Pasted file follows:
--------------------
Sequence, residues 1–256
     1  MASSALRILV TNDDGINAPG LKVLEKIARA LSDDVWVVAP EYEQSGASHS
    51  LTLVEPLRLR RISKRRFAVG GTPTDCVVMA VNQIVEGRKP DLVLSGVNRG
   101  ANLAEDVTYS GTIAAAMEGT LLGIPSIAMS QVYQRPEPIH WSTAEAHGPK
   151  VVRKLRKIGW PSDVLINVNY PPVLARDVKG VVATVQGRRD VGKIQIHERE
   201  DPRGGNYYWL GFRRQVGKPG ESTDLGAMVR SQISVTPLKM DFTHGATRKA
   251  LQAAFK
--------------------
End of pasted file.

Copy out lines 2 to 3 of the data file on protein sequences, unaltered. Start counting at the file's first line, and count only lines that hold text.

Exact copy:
     1  MASSALRILV TNDDGINAPG LKVLEKIARA LSDDVWVVAP EYEQSGASHS
    51  LTLVEPLRLR RISKRRFAVG GTPTDCVVMA VNQIVEGRKP DLVLSGVNRG